• 3.8 percent net investment income surtax. For tax years beginning after Dec. 31, 2012, a 3.8 percent Medicare contribution tax is imposed on the lesser of an individual's net investment income for the tax year or the excess of modified adjusted gross income for the tax year over $200,000 ($250,000 for joint filers and surviving spouses and $125,000 for married taxpayers filing separately).
"Net investment income" as defined under Code Section 1411(c) means the excess (if any) of the sum of gross income from interest, dividends, annuities, royalties and rents; income derived from passive activities; and net capital gain derived from the disposition of property, over the deductions allowed and properly allocable to such gross income or net gain.
Tax-exempt income is not a component of net investment income. Gain from the sale of a residence is also excluded from net investment income, but only to the extent exempt under the Code Sec. 121 exclusion up to the $250,000/$500,000 maximum, as applicable. Those fortunate homeowners with excess gains may want to accelerate any plans for moving into 2012 if the numbers add up and a closing can be done in time.
Non-investment income such as wages, Social Security payments or IRA and other qualified plan distributions also may have a bearing on payment of the surtax, since they can increase MAGI, which determines when the surtax kicks in. It should also be noted that certain forms of tax-favored income under other provisions are cut no breaks under the 3.8 percent surtax; for example, long-term capital gains are taxed at the same 3.8 percent rate as short-term capital gains.
• Roth Conversion and the 3.8 percent surtax. Net investment income for purposes of the 3.8 percent surtax does not include distributions from qualified plans or IRAs, but taxable distributions count towards the income threshold amount. A Roth conversion now in 2012 will not only ensure being taxed at the Bush-era income tax rates, but will also lower taxable income during the upcoming years in which the 3.8 percent tax is in play. (Contributing the maximum allowed to a qualified retirement plan once 2013 arrives also may prove to be a good retirement strategy two ways, first in reducing MAGI in the year of contribution and then in being exempt from the surtax when eventually distributed.)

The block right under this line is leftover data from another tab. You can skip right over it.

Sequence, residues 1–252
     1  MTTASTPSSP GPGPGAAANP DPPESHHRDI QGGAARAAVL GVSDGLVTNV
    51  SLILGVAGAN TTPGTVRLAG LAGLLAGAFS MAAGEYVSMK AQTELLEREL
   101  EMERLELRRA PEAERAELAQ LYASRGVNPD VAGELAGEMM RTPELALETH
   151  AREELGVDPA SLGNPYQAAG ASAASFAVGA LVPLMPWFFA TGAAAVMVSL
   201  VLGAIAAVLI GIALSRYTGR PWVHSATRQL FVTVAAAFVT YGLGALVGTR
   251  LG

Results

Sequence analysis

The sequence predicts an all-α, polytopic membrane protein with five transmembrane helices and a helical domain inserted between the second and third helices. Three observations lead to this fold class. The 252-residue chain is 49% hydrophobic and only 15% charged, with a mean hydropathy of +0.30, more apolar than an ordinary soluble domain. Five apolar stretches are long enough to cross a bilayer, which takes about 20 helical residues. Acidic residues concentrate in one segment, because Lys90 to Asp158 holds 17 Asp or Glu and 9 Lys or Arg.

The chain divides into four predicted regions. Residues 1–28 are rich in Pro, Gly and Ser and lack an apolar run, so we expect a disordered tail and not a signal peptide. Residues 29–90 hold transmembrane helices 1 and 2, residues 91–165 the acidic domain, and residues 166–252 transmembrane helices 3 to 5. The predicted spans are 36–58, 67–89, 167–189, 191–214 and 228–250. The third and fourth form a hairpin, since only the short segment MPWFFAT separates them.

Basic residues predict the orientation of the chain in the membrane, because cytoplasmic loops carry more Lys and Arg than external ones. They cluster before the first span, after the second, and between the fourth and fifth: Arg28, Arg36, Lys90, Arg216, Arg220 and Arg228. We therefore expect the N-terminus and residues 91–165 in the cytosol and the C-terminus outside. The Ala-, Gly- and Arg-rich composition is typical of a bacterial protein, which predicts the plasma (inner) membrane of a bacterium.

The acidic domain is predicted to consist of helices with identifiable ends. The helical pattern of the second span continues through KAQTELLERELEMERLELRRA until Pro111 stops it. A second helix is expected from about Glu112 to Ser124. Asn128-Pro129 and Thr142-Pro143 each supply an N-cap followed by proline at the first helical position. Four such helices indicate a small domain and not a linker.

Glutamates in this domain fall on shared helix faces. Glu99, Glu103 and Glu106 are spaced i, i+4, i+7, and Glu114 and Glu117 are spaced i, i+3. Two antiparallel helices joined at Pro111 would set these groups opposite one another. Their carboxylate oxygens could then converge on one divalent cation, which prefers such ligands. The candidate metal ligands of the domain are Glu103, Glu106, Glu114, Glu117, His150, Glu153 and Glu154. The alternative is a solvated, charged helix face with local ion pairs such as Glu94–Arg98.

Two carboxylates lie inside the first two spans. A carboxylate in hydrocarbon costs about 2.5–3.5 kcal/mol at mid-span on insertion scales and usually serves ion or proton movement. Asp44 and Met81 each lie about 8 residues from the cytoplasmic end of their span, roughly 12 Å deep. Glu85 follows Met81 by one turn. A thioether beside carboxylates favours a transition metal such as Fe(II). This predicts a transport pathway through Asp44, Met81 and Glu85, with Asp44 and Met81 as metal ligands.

Wash sales are sales of stock or securities in which losses are realized, but not recognized, because the seller acquires substantially identical stock or securities 30 days before or after sale. Nonrecognition, however, applies only to losses; gains are recognized in full. As a result, both a higher capital gains rate and the 3.8 percent surtax rate may be avoided by selling before year-end 2012 and then immediately re-investing. To buy back the same or substantially similar securities both in kind and amount, of course, there is the upfront cost of finding the cash elsewhere to pay the immediate tax, or lowering the amount re-invested.
While there is no wash sale rule for gains, a true sale must nevertheless take place to successfully accelerate income. Outside of the context of marketable securities, this rule prevents "basis resetting" without further substance behind it. For example, selling real estate to a straw man who then sells it back to the taxpayer does not accomplish a resetting of basis since there must be an underlying true sale to support it. A leaseback, however, would work ... unless other than a true lease is otherwise apparent. While arguments of sham transaction and economic substance are more likely raised when a loss is involved, courts have nevertheless often looked to determine whether or not the parties intended that the purchaser retain title in the property. The benefits and burdens of ownership must be transferred for a sale to occur.
Further, while a sale must be final or closed to determine gain or loss, determining what is final or closed for tax purposes is not always intuitive. Despite the general rule that a sale occurs when title to property is transferred to a buyer, a sale for tax purposes can occur before or without the transfer of title. For example, once the parties have reached a binding agreement, the transfer of possession of property to a buyer usually closes a sale for tax purposes.
In selling to reset basis, looking ahead to 2014 also requires building in the flexibility of being able to sell at long-term capital gain rates at the end of 2013 to take advantage of any Bush-era extended rates on capital gains that may not last into 2014. Long-term capital gain rates are only available to assets held for more than one year. The holding period starts the day after a capital asset is acquired and ends on the date of its disposition. The holding period of securities generally begins on the trade date if they are publicly traded or upon receipt of title if not publicly traded.